FLIGHT = something is not quite right. QLD performance poets (and Charles Ulm disciples) Ghostboy & Pascalle Burton + guest pilot The Stress of Leisure present FLIGHT: their well feared Q150 experimental spoken word theatre in-flight entertainment for the first time in 2009 ,as part of the Brisbane Writers Festival. Proudly co-funded by Brisbane City Council’s Creative Sparks. 130pm-230pm @ BWF: Aud 2, The State Library of QLD. Remember – no two flights can ever be the same.

And later on you have the choice of Poetry in the Red Chamber featuring Hinemoana Baker, Bronwyn Lea, William Barton, John Bennett & Rosanna Licari. 6:30pm – 8:30pm, Old Parliament House, Red Chamber.

or

Heat 2 of the Australian Poetry Slam @ Brisbane Writers Festival (The Studio, State Library of QLD). Sign up 730pm / slam 8pm. MC Ghostboy with Tessa Leon + feature band The Stress of Leisure.

So get your poetry boots on and I’ll see you there!

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The Stillest Hour CD Launch

It’s been 2-years in the making, but at last our debut CD, The Stillest Hour will finally be launched by Hinemoana Baker as part of her farewell to these fine shores.

Here’s all the details:

QWC and 2009 Arts Queensland Poet-in-Residence Hinemoana Baker invite you to the launch of gondwanavista & The Stillest Hour.

Celebrate the closing of an amazing residency program and poroporoaki Hinemoana by launching her beautiful sonic poem into the world! Experience the debut of gondwanavista, created from fragments of the work Hinemoana has composed whilst on residency and embedded in field recordings from her outback adventures.

Hinemoana will also launch the debut spoken word CD from local poetry duo Graham Nunn & Sheish Money, The Stillest Hour. Bookings essential as space is limited.

 

The Stillest Hour Album Cover

 

gondwanavista & The Stillest Hour CD Launch

Date: Thursday 17 September
Time: 6pm–8pm
Venue: Judith Wright Centre, Shopfront Space, 420 Brunswick Street, Fortitude Valley
Bookings: 07 3839 1243 or qldwriters@qwc.asn.au
CD’s will be available for $10 on the night

We sure hope to see a bunch of you at this launch to help us celebrate and send Hinemoana off in style. There are only 100 copies of The Stillest Hour, so it won’t be around for very long. Make sure you get yours…

Here’s a sample track for you all – Brisbane Love Poems.

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Still untangling the possibilities

Well, Opening Night of QPF 2009 was a stunning display of that strange music we call poetry… as Carol Ann Duffy calls it, the music of being human.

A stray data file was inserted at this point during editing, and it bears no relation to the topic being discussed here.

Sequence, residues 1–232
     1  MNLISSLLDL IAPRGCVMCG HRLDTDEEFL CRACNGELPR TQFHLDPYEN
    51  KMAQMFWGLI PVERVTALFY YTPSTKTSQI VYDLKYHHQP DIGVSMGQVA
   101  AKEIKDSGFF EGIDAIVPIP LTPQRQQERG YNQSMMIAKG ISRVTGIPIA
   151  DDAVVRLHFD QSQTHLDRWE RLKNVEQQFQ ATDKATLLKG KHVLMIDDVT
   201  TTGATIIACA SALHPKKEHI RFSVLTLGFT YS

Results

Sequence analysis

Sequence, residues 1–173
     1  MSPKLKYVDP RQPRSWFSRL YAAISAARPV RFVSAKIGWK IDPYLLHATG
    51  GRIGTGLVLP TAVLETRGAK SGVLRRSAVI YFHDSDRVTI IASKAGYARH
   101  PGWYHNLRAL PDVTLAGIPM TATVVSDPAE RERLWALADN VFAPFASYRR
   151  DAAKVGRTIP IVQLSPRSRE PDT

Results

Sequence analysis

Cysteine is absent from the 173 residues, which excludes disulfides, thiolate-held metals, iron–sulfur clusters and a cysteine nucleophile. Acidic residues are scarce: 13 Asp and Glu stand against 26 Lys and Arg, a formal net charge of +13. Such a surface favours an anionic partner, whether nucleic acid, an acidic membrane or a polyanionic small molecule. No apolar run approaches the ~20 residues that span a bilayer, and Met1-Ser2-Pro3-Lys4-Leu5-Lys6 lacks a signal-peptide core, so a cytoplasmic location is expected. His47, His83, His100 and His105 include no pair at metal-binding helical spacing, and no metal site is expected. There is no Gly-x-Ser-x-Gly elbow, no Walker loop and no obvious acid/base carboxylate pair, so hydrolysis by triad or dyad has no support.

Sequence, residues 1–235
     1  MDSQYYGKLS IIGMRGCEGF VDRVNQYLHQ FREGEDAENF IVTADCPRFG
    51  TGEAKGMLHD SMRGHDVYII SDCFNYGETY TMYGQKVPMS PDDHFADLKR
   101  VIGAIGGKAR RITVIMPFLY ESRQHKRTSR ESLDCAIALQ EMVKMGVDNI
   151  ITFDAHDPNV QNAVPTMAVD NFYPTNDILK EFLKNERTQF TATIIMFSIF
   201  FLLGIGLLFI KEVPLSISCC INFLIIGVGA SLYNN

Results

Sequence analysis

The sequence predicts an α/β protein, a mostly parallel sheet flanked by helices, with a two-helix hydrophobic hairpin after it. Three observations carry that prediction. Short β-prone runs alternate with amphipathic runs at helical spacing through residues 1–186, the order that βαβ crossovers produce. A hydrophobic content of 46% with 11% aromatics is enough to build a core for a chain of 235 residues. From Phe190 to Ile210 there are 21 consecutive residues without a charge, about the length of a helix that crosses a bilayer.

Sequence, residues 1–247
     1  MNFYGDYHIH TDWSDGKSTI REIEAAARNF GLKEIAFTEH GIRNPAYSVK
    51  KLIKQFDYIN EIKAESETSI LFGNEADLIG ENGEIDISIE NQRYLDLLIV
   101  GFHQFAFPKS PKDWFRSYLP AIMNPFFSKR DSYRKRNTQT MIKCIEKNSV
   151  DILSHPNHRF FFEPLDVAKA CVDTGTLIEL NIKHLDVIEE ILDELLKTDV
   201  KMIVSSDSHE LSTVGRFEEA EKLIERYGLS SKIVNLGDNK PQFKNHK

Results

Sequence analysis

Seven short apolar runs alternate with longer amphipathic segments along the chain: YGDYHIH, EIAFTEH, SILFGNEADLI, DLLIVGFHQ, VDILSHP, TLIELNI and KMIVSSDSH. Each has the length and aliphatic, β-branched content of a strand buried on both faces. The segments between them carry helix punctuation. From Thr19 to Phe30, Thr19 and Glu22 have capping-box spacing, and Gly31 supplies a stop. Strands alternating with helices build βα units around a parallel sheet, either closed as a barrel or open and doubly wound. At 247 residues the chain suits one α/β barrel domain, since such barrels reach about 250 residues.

So many highlights… so for those of you who were there, here’s a few moments to help you relive it all and for those of you who weren’t… well here’s a taste of what we experienced.

See you at the festival today… the first bullet of the day, the Small Change Press launch of Half-Hour Country and Dear Rose + a reading by Robert Bos and the skies early stars will reveal the magic of Kent McCarter, Barbara Temperton and Neil Murray. The perfect tonic for your Saturday morning.

 

A short set from AF Harrold

Brilliantly funny, channeling the ghosts of Peter Cook and Spike Milligan, through that Mersey Sound.

 

A short set from Elizabeth Bachinsky from her first book Curios

Punchy and alarming, Bachinsky’s set last night pulled everyone into the often dark world of Valley Girls and Valley Boys.

 

Native Born by Neil Murray

This was a stand out in a set of spoken word and songs from one of Australia’s living legends.

 

Where Shall I Wander by Hinemoana Baker

Words by Hone Tuwhare, music by Hinemoana Baker… she’s got a voice ay!

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QPF Spotlight #16 – Ten QPF Poets

Just four more sleeps and I will be in poetry heaven… yes QPF 2009 is just around the corner. There are still some tickets left for Friday night’s, ‘A Tangle of Possibilities’ concert so make sure you get your seat booked asap. You can do that online here, or call The Judith Wright Centre of Contemporary Arts Box Office on (07) 3872 9000 between 12pm and 4pm.

And to help fill your next few days with poetry, I have put together a sampler from ten of the poets featuring at QPF this weekend. Hope this gets your poetry gland salivating.

See you at the festival!

 

The Violence of Work by Geoff Goodfellow

Ruminations, Allegro & The Swoop by Geoff Page

These are Wobbly Days by Anna Krien

Cheap Red Wine & Why I Write? by Bronwyn Lea

38 ways to stain a memory by Nathan Shepherdson

Death and the Maiden by Jeffrey Harpeng

And this is just the morning, glass to sea-junk: a sacrifice & How do you do, Tuatara? by Zenobia Frost

Getting off the Round-About by Janice Bostok

Of a Place by Elizabeth Bachinsky

One by Hinemoana Baker